|How often does this happen?|
At 9 o'clock my taxi came to whisk me away after my fleeting visit to Dundee and after a quick train to Edinburgh, caught with minutes to spare, I was off to London. I have fond memories of East Coast trains as there is usually something good at the end of them. I got a taste of what London might be like when I was trying to find somewhere to put my bags in the horrendously packed luggage racks. I wish people would realise that they can fit their tiny handbags in the overhead storage rather than clogging up the main racks. One of my travel pet-peeves! However after some pushing, shoving and impatient people I got everything in, alas at opposite ends of the carriage to the other. Opposite me there was an old woman who had been on since Perth and she barely said a word for the whole trip, but I constantly saw her peek over to nose at what everyone else was reading or doing. Next to her was your standard business man who had probably just rolled out of a meeting to head back home, both of them had excellent faces for a caricature and when I find the time to recreate them I will! As much as I was attempting to read what my fellow passengers were like, I am sure they were judging me as being a waste-of-space-gap-yah-kid too.
After York the train was non-stop until Kings Cross which meant we arrived a mere 4 hours after leaving Edinburgh.I like to think I have got to know this piece of track quite well and I look out for my favourite sights but there are the occasional new ones I have just missed completely like a huge stretch of forest after Dunbar that made me think I was back in Austria and the massive ferris wheel in York I have somehow missed over the years. I also like to look out for rail side artwork, for example the mileage signs on either side if the track pointing to London and Edinburgh but they are very blink and you'll miss it though making them all the more special when you catch them. As soon as I stepped off the train in London I knew that trackies and a hoody were a bad call as the temperature had increased, however Kings Cross was surprisingly empty as I had arrived before rush hour so my luggage wasn't going to be too much of a problem, as was my pertistant perspiration. For my time in London I was staying at my friend Heather's flat, she used to be my babysitter many moons ago so this is just going to be advanced babysitting for her!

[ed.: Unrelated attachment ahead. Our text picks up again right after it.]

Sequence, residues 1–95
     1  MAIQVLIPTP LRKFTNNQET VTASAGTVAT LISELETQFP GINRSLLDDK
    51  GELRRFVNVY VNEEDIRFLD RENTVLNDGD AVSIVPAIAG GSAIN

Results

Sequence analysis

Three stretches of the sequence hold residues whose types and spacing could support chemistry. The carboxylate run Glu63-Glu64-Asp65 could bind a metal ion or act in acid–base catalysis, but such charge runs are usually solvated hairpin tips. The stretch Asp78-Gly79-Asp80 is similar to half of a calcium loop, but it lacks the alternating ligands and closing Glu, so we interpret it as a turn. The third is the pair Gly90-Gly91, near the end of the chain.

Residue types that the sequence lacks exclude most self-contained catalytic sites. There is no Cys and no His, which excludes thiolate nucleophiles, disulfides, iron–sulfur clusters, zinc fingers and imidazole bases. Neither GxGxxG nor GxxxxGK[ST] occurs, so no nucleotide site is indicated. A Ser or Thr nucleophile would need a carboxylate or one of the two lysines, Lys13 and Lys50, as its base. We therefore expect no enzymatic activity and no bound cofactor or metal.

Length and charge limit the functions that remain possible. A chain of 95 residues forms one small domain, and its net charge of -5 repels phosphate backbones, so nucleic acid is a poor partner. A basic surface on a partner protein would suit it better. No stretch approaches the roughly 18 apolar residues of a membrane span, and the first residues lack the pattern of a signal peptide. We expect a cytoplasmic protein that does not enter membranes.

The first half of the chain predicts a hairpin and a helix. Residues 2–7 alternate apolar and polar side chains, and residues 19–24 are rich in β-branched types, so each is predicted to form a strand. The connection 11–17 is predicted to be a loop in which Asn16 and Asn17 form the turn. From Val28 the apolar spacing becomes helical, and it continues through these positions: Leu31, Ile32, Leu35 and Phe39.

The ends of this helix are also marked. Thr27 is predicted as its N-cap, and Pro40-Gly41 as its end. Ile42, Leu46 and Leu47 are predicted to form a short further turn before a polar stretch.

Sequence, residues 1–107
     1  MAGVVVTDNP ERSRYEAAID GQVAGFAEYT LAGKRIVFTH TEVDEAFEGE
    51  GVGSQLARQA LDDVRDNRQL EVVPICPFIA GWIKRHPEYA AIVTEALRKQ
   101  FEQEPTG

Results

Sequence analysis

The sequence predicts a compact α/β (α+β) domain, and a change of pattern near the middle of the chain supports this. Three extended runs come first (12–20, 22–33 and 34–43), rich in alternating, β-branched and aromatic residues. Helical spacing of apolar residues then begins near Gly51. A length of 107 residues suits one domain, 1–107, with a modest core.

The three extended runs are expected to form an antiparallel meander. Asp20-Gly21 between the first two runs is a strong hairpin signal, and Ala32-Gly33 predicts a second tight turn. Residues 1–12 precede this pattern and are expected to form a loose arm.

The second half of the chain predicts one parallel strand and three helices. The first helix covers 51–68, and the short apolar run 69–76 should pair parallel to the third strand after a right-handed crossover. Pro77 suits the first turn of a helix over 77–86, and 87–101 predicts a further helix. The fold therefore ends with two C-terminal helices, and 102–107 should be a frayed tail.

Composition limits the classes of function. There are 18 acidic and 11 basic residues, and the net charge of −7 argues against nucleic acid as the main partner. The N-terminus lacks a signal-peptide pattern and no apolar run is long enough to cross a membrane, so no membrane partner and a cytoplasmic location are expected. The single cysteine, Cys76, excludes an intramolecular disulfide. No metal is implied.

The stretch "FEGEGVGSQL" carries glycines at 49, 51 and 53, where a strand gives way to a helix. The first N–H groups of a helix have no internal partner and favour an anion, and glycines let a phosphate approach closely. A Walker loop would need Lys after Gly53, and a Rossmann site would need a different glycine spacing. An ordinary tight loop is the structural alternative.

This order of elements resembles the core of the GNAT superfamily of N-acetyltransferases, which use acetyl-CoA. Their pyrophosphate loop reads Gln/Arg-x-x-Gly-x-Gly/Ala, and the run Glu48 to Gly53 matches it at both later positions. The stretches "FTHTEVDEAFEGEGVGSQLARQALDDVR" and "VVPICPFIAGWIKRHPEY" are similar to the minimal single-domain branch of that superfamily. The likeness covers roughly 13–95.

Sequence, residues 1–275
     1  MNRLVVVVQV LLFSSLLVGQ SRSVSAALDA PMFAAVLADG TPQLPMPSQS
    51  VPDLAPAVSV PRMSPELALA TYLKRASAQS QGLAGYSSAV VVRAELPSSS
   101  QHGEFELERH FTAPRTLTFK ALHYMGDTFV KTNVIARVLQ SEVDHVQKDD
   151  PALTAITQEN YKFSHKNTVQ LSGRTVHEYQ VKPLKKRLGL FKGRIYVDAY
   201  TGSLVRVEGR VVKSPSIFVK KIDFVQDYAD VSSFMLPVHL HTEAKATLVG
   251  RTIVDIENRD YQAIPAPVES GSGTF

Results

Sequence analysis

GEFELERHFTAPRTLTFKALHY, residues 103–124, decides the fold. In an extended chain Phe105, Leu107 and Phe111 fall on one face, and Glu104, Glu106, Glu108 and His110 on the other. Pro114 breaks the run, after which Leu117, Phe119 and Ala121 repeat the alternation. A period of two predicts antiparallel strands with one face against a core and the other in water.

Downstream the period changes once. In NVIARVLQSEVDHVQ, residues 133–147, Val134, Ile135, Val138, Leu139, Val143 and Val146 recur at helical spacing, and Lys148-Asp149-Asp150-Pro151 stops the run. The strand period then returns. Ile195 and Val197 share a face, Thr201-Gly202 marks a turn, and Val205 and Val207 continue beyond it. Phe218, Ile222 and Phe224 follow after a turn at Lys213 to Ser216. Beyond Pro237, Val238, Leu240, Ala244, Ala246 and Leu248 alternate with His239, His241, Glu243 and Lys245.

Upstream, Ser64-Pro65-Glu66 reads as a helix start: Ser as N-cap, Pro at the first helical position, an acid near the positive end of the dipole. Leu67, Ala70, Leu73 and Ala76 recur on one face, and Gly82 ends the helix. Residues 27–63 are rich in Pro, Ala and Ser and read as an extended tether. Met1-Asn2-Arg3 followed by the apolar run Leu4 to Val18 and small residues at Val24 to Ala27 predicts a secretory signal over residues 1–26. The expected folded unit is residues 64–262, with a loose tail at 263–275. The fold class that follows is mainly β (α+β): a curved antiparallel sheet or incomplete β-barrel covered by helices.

Her flat is out in Lewisham found in South East London in a nice typically London-y area, then again there isn't really a "typical London" it is all so pick and mix architecturally speaking. I spent the evening getting to know the area by walking between the two Overground stations we were slap bang in the middle of. Having lived in Scotland all my life I never thought there would be that big of a difference between us and those across the border but I had only been in England for a few hours and there was a quite a different look and feel to the place. I don't mean just in that "london smell" and the hustle and bustle, there were little things like the way people went about themselves, the fact there are off licences and there are flags everywhere. In Scotland, other than the Royal Mile on Edinburgh, we aren't really a flag waving bunch (contrary to popular belief) but in England, my god are they proud of old Jack. Maybe it's just because it's the Jubilee/Olympics, but still; I doubt I'll be forgetting what country I am in anytime soon.
As I was out on my walk it was getting rapidly darker and darker, something I was not used to at all. By 10pm the sun had already set on the longest day of the year and as my body clock forced me to head to bed I thought of my friends back home sitting on a beach watching the sun flirt with the horizon. Nevertheless, there was no time to be jealous as I have one impressive itinerary for the next 5 weeks and I will need my sleep.